Building a keezer part 1: The basics

I absolutely hate bottling. It is the sole part of the homebrewing hobby that always seems to suck all the fun right out of it. So what can one do? Either quit the hobby or build a keezer, a portmanteau of the words 'keg' and 'freezer', meaning a freezer to cool and store a keg or more specifically a keg based beer dispensing system.

First, I made a list of stuff that I needed to get hold of:

  • a freezer
  • a Cornelius keg (used, from vanderkooyjubbega.nl, quite an old beaten up one but clean and undamaged on the inside)
  • A keg gasket renewal kit (from eBay)
  • A keg post renewal kit (from eBay)
  • a faucet & shank (from kegkingdom.co.uk)
  • shank tail piece kit with 4mm barb (from eBay)
  • a CO2 canister & regulator (from candirect.eu)
  • tubing for beer and CO2 (also from candirect.eu)
  • Ball lock quick disconnects (also from candirect.eu)
  • wooden panels to construct a collar (from your local friendly woodworker)
  • insulation for collar (from DIY store)

Because my space is limited I wanted a small freezer to hold two kegs at most. It took some time to find a usable freezer as most compact ones have a shelf on the inside behind which the compressor is located, leaving the deep end too narrow to fit a keg. In the end I found a used one in a fairly good state which would snugly fit a keg in the deep end.

I set about finding out how to construct a collar and spoke to @janwijbrand about this and lo and behold, in less than a day I had my collar made out of 20mm whitewood.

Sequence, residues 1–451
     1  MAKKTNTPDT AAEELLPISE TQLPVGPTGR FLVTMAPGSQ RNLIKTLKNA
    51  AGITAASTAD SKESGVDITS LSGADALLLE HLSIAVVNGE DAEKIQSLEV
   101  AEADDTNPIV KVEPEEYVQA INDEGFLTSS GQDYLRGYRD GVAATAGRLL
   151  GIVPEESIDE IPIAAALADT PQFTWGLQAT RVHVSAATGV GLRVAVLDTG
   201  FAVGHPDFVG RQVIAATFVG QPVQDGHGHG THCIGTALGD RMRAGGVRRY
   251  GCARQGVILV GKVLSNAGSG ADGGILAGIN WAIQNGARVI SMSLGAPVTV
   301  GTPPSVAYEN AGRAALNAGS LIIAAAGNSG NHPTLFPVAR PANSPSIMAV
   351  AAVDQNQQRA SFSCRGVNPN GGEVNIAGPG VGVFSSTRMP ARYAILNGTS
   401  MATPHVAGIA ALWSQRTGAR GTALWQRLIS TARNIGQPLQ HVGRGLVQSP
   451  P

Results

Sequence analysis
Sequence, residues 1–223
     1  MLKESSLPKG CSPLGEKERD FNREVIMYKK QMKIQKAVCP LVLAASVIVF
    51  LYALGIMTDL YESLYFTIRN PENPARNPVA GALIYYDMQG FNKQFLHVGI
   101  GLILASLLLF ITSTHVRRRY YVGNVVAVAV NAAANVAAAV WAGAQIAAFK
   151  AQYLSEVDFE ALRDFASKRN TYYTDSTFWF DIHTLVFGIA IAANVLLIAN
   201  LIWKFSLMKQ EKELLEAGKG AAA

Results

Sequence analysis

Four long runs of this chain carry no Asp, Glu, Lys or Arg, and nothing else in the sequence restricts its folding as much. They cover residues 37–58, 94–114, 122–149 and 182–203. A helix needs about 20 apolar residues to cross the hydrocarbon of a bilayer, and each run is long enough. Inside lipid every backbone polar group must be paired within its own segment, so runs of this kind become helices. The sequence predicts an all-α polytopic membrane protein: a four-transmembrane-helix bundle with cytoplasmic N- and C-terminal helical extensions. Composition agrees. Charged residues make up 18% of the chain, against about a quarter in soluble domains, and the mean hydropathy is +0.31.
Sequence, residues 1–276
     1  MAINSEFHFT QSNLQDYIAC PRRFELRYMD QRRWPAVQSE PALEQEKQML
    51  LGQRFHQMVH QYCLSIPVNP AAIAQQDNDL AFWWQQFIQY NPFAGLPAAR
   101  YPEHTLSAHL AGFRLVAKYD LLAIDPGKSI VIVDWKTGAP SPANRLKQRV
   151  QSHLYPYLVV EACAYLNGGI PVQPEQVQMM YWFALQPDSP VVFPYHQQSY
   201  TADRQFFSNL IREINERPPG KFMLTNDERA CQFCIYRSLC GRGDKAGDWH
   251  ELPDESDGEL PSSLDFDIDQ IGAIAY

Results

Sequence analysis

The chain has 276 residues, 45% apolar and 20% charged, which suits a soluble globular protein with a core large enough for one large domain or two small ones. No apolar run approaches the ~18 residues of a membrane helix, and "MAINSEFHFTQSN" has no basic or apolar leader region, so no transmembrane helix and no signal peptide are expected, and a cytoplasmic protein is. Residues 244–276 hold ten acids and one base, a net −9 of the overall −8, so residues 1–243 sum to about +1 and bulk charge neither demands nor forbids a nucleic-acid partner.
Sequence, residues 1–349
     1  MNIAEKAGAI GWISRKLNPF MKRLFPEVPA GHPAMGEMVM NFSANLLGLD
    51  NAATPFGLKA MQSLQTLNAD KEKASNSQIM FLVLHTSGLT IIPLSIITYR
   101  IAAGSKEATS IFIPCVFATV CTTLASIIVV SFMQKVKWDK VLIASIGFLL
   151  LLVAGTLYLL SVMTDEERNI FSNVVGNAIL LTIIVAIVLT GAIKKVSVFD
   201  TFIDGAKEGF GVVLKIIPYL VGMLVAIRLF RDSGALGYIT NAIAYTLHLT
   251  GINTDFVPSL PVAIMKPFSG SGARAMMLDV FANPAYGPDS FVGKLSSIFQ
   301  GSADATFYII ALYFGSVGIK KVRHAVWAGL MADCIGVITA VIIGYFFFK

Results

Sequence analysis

The keezer with collarI decided to leave the wood as is and not do further cosmetic work and keep the practical, industrial look (a.k.a. the "can't be bothered" aesthetic).

Next came the collar insulation. I decided to go for cheap 20mm EPS panels from the DIY store.

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On top of the EPS panels I put some radiator reflector foil to shield the brittle EPS. After that was done it was time to drill the hole for the shank and fit the faucet. My original plan was to go for a Perlick forward sealing faucet until someone showed me an Australian brand, Intertap, which offers a cheaper forward sealing alternative. I got a stainless one and a 4" shank from kegkingdom.co.uk.

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On the back I put a plywood disk so the shank nut will not damage the insulation.

Plywood to keep the nut from damaging

Last step was to attach the lid to the collar which was easily done. The keezer itself was now done. Next up: hooking up the CO2 and doing a pressure test!

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